• Check the webcams online to see how busy the site is and for the quieter times to visit.
  • Bring proof of address. Only residents who pay council tax to Buckinghamshire Council can use the sites. (Slough Borough Council residents are able to use Langley and Burnham sites only.)
  • Come back another time if the site is busy. Long queues can cause traffic and block access to homes and businesses.
  • If possible, wear a mask or face covering when outside your vehicle.

Further information, including what waste the centres do and don’t accept, can be found on Buckinghamshire Council’s Household recycling centres webpage.

Buckinghamshire Council adopts Vale of Aylesbury Local Plan

The Vale of Aylesbury Local Plan (VALP) completed the last part of the process tonight (15 September) when Buckinghamshire Council voted to adopt the plan which covers the northern part of the new unitary council’s area.  

The VALP sets out a long term planning blueprint and vision for the area of the Vale of Aylesbury up to 2033. The local plan sets out how and where land can be used to

  • meet housing need
  • provide key infrastructure elements
  • protect and enhance the area’s key natural features
  • incorporate climate control policies
  • provide employment land

Housing

The VALP allocates land for 30,134 new homes. These are mostly concentrated around Aylesbury with other sites at Buckingham, Winslow, Haddenham and adjacent to Milton Keynes. It embeds policies to ensure that 25% of new homes that are built within the area will be affordable homes and that 10-15% will have disabled access. 

The plan has gone through rigorous public consultation over a number of years including public hearings held before the independent planning Inspector. The independent Inspector cannot approve a local plan unless it meets current and projected local housing needs and falls within current government guidelines for determining what that local need is.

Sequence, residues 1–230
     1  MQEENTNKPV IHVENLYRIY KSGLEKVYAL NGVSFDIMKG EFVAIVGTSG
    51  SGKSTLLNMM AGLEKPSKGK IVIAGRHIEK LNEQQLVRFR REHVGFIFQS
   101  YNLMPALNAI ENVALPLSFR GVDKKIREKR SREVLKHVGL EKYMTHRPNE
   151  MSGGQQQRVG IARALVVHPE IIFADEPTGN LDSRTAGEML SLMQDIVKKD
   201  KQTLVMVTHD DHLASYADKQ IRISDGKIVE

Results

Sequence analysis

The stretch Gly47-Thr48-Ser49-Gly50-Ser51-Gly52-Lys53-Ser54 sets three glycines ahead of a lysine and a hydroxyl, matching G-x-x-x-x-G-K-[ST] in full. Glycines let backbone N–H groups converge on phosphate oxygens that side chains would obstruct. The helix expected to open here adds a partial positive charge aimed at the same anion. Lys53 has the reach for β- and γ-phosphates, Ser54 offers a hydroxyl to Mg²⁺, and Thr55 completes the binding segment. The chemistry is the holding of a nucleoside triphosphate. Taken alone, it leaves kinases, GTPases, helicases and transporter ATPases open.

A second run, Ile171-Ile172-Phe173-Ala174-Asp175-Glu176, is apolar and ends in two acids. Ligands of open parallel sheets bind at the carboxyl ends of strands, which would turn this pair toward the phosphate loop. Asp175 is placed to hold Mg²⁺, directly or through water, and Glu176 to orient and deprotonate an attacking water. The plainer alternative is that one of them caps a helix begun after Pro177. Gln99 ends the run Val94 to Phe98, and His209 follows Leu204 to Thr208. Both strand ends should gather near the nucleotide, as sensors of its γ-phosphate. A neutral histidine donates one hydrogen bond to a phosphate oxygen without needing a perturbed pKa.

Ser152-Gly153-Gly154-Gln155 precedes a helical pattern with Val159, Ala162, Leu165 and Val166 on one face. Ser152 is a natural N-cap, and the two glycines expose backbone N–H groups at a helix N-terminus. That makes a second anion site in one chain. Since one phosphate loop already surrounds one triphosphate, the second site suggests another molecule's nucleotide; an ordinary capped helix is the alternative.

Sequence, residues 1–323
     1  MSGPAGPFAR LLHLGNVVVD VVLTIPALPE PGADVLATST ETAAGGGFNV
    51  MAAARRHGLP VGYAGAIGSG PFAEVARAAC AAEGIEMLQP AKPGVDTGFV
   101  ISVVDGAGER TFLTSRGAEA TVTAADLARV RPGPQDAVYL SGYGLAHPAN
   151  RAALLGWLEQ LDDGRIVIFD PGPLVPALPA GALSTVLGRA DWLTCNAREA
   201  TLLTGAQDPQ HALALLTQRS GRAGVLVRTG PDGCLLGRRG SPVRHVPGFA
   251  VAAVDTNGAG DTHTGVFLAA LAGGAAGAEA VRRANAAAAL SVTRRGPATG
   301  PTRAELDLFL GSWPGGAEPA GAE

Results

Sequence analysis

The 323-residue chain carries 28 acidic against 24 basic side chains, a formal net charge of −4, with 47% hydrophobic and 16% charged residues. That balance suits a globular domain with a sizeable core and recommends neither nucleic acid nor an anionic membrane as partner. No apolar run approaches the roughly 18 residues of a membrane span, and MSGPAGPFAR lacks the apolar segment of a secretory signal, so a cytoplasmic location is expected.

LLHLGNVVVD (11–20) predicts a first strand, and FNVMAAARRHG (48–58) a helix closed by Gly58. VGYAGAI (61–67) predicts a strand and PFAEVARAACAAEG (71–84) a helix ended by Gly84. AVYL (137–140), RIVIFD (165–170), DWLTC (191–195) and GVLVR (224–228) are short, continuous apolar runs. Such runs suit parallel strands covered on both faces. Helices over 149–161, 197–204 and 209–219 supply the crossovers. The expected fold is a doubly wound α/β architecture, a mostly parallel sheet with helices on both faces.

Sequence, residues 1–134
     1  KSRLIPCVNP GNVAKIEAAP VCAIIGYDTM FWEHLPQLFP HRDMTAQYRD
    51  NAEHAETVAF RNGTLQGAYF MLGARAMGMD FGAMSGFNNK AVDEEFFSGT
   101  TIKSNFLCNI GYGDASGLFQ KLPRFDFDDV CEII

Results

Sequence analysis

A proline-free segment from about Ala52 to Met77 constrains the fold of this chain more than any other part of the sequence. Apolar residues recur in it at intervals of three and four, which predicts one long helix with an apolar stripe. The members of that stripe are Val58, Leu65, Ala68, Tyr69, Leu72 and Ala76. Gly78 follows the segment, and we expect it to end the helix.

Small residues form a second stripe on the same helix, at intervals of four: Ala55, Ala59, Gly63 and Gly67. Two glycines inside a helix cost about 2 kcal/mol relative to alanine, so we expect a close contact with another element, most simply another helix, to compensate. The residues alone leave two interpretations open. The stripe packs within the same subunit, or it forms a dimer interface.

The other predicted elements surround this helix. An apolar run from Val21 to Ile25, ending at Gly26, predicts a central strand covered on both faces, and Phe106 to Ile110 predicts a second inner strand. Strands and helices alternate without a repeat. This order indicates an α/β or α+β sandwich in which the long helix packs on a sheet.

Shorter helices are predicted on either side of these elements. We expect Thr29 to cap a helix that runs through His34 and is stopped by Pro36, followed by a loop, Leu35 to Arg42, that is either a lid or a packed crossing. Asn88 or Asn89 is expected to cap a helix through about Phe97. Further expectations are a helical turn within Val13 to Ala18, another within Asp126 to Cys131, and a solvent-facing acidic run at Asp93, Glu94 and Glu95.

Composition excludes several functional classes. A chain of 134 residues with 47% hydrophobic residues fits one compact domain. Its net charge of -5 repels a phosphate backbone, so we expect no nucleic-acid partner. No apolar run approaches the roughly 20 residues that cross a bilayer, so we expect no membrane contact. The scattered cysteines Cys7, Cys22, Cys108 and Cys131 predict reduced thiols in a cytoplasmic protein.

Infrastructure

The plan also sets out where essential infrastructure such as roads, schools and facilities which will  support the new homes will be needed, as well as employment sites.

Nature and heritage

The VALP sets out policies to protect and enhance the natural environment and countryside for the future. It includes a net increase to the Green Belt by 98 hectares. It also embeds policies to protect our built heritage.

Climate change

There are many specific policies relating to climate change – including making sure there is provision for EV charging in every new home.

Work on the VALP started in 2014 and went through three stages of public consultation before it went to a nationally appointed independent Inspector in 2018. There were then two hearing sessions where people who objected to the plan could make their case for changes to the plan directly to the independent Inspector. The Inspector also looked closely at all the evidence sent to him by objectors and the Council before writing his full report. His report is final and cannot be amended.